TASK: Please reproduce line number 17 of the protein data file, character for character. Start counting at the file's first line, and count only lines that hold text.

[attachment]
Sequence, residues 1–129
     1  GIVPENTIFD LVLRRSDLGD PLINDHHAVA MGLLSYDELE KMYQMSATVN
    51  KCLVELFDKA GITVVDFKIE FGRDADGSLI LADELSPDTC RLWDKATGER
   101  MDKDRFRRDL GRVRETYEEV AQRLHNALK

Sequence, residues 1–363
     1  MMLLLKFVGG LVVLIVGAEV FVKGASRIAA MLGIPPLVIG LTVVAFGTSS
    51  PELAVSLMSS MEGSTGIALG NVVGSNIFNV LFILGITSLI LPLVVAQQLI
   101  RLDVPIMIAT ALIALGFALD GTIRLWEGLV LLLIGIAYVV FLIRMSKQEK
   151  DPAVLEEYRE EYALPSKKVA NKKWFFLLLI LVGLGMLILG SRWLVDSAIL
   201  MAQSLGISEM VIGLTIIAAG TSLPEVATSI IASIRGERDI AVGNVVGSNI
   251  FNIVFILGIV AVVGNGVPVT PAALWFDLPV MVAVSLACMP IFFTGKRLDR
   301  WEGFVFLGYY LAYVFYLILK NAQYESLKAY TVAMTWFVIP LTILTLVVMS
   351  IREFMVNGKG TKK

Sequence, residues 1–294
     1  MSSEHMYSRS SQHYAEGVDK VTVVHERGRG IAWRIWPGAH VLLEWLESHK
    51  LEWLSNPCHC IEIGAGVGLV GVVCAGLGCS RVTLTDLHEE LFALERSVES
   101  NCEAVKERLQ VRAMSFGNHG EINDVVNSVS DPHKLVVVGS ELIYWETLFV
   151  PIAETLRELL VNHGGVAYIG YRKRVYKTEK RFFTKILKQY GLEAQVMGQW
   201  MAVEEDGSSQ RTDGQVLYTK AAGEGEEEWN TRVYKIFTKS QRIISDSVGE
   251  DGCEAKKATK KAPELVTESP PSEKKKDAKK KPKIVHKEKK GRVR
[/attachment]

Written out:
   101  NCEAVKERLQ VRAMSFGNHG EINDVVNSVS DPHKLVVVGS ELIYWETLFV